Urban Rustic: Installing a Solar Electric System

Posted on February 6, 2018 by Eric Whetzel in Guest Blogs

Editor's note: This post is one of a series by Eric Whetzel about the design and construction of his house in Palatine, Illinois, a suburb of Chicago. The first blog in his series was called An Introduction to a New Passive House Project; a list of Eric's previous posts appears below. For more details, see Eric's blog, Kimchi & Kraut.

Choosing a New HVAC System

Posted on February 5, 2018 by Scott Gibson in Q&A Spotlight

Jill D has done her homework, and now it's time to choose a new heating and cooling system for her Climate Zone 5B home.

There are three distinct zones to consider: the main house, a sunroom addition, and an office addition. Neither the office nor the sunroom is ducted, although heating and cooling loads there are relatively low. In the main house, the heating loadRate at which heat must be added to a space to maintain a desired temperature. See cooling load. has been calculated at between 28,000 and 36,000 BtuBritish thermal unit, the amount of heat required to raise one pound of water (about a pint) one degree Fahrenheit in temperature—about the heat content of one wooden kitchen match. One Btu is equivalent to 0.293 watt-hours or 1,055 joules. per hour, and the cooling load at between 24,000 and 36,000 Btu per hour.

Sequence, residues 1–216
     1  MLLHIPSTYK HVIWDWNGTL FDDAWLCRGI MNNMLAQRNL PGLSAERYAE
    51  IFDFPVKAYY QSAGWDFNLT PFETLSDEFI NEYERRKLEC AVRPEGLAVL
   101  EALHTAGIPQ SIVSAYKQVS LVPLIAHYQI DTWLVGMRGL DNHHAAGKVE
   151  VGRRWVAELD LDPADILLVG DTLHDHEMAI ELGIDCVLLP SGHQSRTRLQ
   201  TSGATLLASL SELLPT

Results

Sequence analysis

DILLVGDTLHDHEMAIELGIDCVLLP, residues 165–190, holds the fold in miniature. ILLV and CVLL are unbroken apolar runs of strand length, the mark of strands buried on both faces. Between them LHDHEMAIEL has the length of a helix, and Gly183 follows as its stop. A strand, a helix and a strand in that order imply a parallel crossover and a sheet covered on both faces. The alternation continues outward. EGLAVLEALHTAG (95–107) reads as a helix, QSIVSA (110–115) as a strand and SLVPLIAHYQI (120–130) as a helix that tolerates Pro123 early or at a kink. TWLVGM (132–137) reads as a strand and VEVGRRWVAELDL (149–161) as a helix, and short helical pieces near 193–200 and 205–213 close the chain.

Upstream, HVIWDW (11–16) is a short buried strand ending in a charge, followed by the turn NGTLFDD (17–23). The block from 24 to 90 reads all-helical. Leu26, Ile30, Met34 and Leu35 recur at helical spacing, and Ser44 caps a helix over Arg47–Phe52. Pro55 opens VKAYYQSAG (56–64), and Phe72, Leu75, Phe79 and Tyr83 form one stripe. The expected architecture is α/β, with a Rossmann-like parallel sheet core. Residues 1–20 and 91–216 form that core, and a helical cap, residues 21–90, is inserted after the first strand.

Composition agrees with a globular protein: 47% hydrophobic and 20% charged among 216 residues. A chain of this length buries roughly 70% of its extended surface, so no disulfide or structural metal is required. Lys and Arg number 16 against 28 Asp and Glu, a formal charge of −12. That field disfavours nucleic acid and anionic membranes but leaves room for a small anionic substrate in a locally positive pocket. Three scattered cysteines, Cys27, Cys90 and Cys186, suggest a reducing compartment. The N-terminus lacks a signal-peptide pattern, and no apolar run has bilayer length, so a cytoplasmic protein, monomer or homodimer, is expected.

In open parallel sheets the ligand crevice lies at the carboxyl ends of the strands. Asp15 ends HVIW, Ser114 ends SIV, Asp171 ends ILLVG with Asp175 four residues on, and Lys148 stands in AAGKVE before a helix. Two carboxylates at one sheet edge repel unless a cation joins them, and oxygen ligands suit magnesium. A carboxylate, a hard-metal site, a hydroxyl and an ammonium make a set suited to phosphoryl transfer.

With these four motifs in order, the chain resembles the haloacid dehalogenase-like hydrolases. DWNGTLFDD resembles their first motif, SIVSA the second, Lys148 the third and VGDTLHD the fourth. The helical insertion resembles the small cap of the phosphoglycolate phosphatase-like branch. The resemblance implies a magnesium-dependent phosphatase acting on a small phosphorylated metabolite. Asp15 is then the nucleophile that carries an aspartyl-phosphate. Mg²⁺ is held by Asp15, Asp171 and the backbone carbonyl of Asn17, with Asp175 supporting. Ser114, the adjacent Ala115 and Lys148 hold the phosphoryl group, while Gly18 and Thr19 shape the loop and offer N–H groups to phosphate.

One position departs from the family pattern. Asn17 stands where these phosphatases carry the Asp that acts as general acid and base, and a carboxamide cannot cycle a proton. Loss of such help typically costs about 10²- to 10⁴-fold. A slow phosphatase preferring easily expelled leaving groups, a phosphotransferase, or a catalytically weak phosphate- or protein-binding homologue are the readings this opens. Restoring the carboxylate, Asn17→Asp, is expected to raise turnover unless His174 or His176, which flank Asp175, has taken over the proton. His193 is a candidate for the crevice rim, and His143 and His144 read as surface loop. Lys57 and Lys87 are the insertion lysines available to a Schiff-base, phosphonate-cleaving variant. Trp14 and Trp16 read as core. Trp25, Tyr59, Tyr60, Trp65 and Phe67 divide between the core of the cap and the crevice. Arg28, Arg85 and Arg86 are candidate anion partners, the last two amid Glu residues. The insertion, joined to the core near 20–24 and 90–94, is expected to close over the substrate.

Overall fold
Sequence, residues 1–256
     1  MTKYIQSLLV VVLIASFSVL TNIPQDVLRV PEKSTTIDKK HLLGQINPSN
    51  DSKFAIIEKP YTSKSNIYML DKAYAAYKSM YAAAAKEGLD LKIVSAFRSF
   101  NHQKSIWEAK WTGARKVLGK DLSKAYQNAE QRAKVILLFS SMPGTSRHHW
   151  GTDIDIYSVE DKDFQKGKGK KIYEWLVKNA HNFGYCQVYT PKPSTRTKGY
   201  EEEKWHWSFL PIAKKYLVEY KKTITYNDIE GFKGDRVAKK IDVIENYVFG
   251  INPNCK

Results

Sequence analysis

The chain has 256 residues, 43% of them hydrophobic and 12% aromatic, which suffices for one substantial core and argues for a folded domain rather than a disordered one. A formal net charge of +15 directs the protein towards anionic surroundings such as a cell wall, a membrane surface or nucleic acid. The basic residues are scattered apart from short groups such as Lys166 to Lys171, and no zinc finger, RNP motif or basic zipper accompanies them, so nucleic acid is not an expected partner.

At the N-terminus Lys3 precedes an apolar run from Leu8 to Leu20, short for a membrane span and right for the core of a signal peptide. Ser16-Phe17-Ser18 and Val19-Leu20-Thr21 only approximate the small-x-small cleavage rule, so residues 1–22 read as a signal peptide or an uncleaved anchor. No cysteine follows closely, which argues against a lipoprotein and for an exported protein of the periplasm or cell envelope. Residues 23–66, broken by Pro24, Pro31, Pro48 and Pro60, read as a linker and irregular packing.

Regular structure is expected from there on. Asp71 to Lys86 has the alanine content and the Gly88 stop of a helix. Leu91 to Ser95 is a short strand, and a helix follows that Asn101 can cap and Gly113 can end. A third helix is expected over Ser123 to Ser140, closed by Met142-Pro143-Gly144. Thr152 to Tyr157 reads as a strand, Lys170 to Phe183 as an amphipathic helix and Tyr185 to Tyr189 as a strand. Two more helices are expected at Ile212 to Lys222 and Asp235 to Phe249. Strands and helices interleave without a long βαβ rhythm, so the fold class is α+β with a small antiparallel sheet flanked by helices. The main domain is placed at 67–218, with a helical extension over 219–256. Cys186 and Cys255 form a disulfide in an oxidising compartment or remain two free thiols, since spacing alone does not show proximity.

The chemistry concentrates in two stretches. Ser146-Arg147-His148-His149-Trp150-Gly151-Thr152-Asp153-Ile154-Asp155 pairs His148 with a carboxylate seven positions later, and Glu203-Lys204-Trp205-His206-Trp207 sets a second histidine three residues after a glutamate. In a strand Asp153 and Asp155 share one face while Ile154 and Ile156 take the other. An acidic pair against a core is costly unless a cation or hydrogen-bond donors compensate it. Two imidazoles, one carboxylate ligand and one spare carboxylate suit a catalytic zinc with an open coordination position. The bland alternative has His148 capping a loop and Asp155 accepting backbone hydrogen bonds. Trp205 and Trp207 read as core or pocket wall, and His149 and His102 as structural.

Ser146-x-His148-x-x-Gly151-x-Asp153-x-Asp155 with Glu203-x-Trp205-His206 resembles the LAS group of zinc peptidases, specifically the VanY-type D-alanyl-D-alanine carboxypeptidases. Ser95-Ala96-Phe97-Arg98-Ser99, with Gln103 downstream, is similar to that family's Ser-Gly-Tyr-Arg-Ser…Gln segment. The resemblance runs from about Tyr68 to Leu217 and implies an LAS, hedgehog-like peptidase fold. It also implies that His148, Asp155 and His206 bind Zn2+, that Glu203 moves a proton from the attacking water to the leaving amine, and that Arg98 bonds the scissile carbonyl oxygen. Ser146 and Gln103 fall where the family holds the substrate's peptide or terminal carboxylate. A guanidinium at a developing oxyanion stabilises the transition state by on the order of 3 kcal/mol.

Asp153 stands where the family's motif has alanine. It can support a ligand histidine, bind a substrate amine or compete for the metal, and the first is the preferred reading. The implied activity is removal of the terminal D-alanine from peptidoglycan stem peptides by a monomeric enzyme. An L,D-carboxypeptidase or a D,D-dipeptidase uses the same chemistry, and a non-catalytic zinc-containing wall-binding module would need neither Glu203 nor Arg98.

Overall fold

Condensation on Car Windshields

Posted on February 2, 2018 by Martin Holladay in Musings of an Energy Nerd

A surprising number of people don’t understand the causes of condensation. If you ask a stranger on the sidewalk, “Does condensation happen when cold air encounters a warm surface, or when warm air encounters a cold surface?,” many people will shrug their shoulders.

Here’s an example of this type of confusion: When drivers see condensation on their windshield during the summer, they are often unsure of the best remedy. Should they turn on the heater or the air conditioner?

Let’s look at four different scenarios.